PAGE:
Further monuments discovered at Newgrange and Brú na Bóinne

Extremely detailed views of the Brú na Bóinne area taken by satellite during the drought of 2018 have revealed a raft of possible new monuments. I went searching through the imagery and found at least 15 features which are possibly or likely to be archaeology, none of which are yet recorded by the National Monuments Service.

Just when you thought it wasn't possible for more archaeology to be discovered at the Brú na Bóinne Unesco World Heritage site at the bend of the Boyne, Apple Maps is using extremely detailed satellite images of the area taken during the unprecedented dry spell in summer 2018, offering the chance to see even more unrecorded archaeology in the area.

I jumped at the chance to view the imagery, not expecting to find anything that hadn't been seen before. However, I was pleasantly surprised. The Apple Maps images offer fabulous views of the big discovery of last summer - Dronehenge - and its neighbouring henges, Site LP2 and Site P. Also visible in the same field are the Pit Complex, the Four-Poster and the arcs of the Great Palisade.

The Pit Complex, Great Palisade and Four-Poster all visible in the Apple Maps imagery.

 

Browsing through the Apple Maps imagery, I quickly stumbled upon a feature to the east of Newgrange that looks very like a ringfort – and it even appears to have a rectangular-shaped structure in its interior, the possible remains of a habitation. This is an unrecorded monument in close proximity to the great mound of Newgrange, less than half a kilometre away.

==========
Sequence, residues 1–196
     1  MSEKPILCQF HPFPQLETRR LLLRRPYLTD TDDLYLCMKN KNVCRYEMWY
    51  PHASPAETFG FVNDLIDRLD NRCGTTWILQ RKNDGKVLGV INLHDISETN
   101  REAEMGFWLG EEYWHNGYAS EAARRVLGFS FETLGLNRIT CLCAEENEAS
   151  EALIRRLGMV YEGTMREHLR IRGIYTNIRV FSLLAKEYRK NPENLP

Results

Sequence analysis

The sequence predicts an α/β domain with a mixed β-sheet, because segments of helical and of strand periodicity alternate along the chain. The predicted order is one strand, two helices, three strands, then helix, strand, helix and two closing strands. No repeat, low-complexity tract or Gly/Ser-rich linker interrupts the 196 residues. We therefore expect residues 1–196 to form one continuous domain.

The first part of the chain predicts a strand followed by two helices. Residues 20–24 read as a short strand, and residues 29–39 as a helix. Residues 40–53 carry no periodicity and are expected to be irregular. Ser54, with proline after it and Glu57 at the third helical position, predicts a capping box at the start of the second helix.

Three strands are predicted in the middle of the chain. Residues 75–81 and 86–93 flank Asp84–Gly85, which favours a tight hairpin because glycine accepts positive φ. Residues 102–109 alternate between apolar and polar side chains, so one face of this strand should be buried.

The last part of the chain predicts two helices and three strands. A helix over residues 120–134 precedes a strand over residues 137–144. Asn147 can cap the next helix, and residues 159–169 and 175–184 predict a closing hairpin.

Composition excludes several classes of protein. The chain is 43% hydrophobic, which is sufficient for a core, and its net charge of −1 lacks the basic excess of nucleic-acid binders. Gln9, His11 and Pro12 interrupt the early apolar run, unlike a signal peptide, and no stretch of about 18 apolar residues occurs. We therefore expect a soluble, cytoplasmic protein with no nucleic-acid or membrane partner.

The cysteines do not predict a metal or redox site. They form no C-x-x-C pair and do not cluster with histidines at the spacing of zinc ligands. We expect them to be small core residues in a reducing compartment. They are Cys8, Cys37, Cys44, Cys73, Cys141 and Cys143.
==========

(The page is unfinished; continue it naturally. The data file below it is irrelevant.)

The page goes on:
The outline of what may be a ringfort east of Newgrange, with a rectangular structure in its interior.
The possible ringfort in Newgrange townland is located just 400m or so east of the Newgrange monument.

 

The following are images, with a brief description, of other features I have found in the Brú na Bóinne area using Apple Maps. I must emphasise that these might not all be new discoveries. It is possible that some of these features have been previously found by others and not yet added to the National Monuments Database. I have provided details of all these finds to the National Monuments Service and await feedback on how many of them might be unrecorded archaeology. All images are © Apple Maps.

Two small ring-ditches and a sub-rectangular enclosure at Staleen townland just south of the Boyne near Dowth.
Another ring-ditch in the Staleen townland south of the Boyne.
Ring-ditch at Littlegrange townland at Brú na Bóinne.
Possible enclosures at Littlegrange, Brú na Bóinne.
Unrecorded oval enclosure with possible ring-ditch immediately to its north at Townleyhall townland, Brú na Bóinne.
Possible enclosures at Staleen, south of the Boyne.
Unrecorded enclosures at Sheepgrange. 
Enclosures and old field system at Townleyhall.
Enclosure in Dowth townland. This corresponds with recorded monument ME020-073----, which is listed as a mound and was discovered in LiDAR imagery by the INSTAR project in 2010.
Unrecorded enclosure in Dowth townland. This is located less than 500m north of the great Dowth megalithic passage-tomb.
Arcs of pits or possible post-holes at Crewbane townland, west of Knowth.
Unrecorded enclosure at Sheepgrange townland.

 

Further discoveries

In addition to all the above, I have furnished the National Monuments Service with a report containing 66 unrecorded monuments found in Apple Maps in counties Louth and Meath. I have picked out a few of my favourites from this report to show you how much archaeology was revealed during the once-in-a-generation weather conditions of June and July 2018.

Complex of six unrecorded ring-ditches at Kilmainham townland, Kells, Co. Meath.
Unrecorded ring-ditch and impressive enclosures at Kilmainham townland, Kells, Co. Meath.
Very impressive complex of enclosures and field systems at Curraghwalls, Co. Meath.
Unrecorded enclosures at Hurcle, Co. Louth. These are close to Mellifont Abbey.

 

 

 

 

 

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This page was last updated on 12th November 2019 @ 11:17 PM